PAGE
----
Thanksgiving, Hanukkah, Black Friday: On truth and justice

Writing about Thanksgiving and Hanukkah as Thanksgiving wanes and Black Friday waxes.

Both Thanksgiving and Hanukkah are holidays that celebrate a mythic narrative. In both cases the myth replaced a much more gruesome reality. Thanksgiving celebrates the Pilgrims surviving the first winter in the New World with the help of the Native Peoples. In celebration people come together to give thanks for the good things in their own lives–family, friendship, plenty. These are good things to celebrate. However, the myth of the Native Americans welcoming the Europeans to this part of the world erases the story of genocide, atrocity, and displacement which was the actual fate of most of the Native Americans. As Malcolm X said in a different context, the Native Peoples did not land on Plymouth Rock, it landed on them. So, while gratitude is an important practice, so is truth and the admission of culpability. Continue reading

The Foreclosure Crisis as a Moral Crisis

Yesterday, Sunday, I was privileged to organize and participate in a teach in sponsored by the Interfaith Sanctuary of Occupy LA at Temple Beth Am in the Pico-Robertson neighborhood. (This was the second teach-in of this kind that we put on. The first was on New Years Day at All Saints Church in Pasadena as part of Occupy the Rose Parade.)

The first panel was comprised of Martin Berg, longtime journalist and the editor of Where’, Carlos Marroquin, a foreclosure activist with Occupy LA, and Peter Kuhns, an organizer with ACCE, the Alliance of Californians for Community Empowerment. The panel addressed the questions that many people ask about the foreclosure crisis: Isn’t it the fault of people who just bought too much house and couldn’t pay for it? Why should we pick up the tab for people who couldn’t pay the debts that they had accumulated. In answering this question the panelists talked about the seeds of the foreclosure crisis in the predatory lending practices of the previous decades which overwhelmingly targeted communities of color and low income people. They also discussed the barriers that the banks were putting up so that people who qualified to modify their loans were not getting the loan modifications they should be getting. Finally they talked about the human stories, people who worked hard all their lives, who were caught up in a trap laid for them by banks who were out to make even more money, who were evicted from their homes. But they also talked about some stories of hope, in which the bankers, when forced into the light of day, agreed to modify loans and let people remain in their houses.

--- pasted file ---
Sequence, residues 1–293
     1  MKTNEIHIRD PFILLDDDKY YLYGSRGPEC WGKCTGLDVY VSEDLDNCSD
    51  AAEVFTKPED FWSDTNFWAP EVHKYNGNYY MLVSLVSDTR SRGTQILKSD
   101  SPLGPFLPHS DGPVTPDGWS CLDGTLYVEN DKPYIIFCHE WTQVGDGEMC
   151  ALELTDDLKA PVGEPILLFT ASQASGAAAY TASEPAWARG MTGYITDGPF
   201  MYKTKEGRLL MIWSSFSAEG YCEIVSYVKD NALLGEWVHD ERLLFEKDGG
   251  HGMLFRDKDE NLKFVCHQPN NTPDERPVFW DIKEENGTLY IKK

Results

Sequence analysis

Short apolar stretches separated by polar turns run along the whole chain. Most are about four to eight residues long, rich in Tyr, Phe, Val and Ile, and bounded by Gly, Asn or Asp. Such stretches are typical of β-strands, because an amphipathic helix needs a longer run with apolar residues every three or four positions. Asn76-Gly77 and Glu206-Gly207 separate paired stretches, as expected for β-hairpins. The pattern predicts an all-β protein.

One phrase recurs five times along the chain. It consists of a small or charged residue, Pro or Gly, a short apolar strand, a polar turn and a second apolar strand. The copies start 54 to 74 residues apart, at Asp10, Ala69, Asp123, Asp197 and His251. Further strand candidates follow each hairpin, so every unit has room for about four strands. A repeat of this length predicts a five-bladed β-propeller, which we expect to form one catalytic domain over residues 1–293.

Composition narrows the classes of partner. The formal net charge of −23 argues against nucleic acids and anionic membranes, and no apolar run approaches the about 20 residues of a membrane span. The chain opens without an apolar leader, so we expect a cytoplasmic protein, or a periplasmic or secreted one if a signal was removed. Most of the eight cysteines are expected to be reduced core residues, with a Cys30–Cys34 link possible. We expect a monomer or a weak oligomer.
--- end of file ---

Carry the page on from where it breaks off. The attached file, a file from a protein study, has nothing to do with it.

The video of this first panel, thanks to the Livestreaming skills of Califather, is here:

The second panel was comprised of faith leaders who addressed the question of the response of the faith communities. The panel was moderated by United Methodist Pastor Paige Eaves of Crescenta Valley United Methodist Church, and included Shakeel Syed, the Executive Director of the Islamic Shura Council of Southern California, Rabbi Jonathan Klein, the Executive Director of Clergy and Laity United for Economic Justice—Los Angeles (CLUE-LA), Rev. Peter Laarman, Executive Director of Progressive Christians Uniting, and your humble servant. We discussed the religious issues that were raised by the foreclosure crisis, the issue of shame around foreclosures and ways to engage it both pastorally and politically, and issues of the market and materialism.

The video of the second panel, is here.

The teach was brought to a close by Andrea Hodos with a group movement performance that brought a lot of the themes of the day together.

The video of Andrea’s piece is here.


On the Culture of Greed

A few weeks ago, I was in a meeting discussing an upcoming ballot initiative which would eliminate the death penalty in favor of life imprisonment without the possibility of parole. Everybody in the room was opposed to the death penalty. The discussion was about the strategy that should be employed to convince voters to make the proposition law. The campaign’s tactic was to argue that the death penalty was more expensive than life imprisonment without the possibility of parole (LWOP). This is, of course, true. As the LA Times reported:

[An] examination of state, federal and local expenditures for capital cases, conducted over three years by a senior federal judge and a law professor, estimated that the additional costs of capital trials, enhanced security on death row and legal representation for the condemned adds $184 million to the budget each year.

However, sitting in that room, engaging in that conversation, I suddenly got very depressed. I realized how we had all been impacted by the culture of greed that has overwhelmed our country.

I want to make clear that I think that we urgently need to stop our country’s machinery of death and to begin the hard work of justice—reforming our prisons, making victims and/or their families whole, allowing for transgressors to repent and atone (as I argue here). I think that replacing the death penalty with LWOP is a good and important step on the way to accomplishing this. I was reacting to the fact that the parameters of the debate (cheaper is better) are not ones that I agree with and are destructive to the moral fabric of our country and society. Let me explain. Continue reading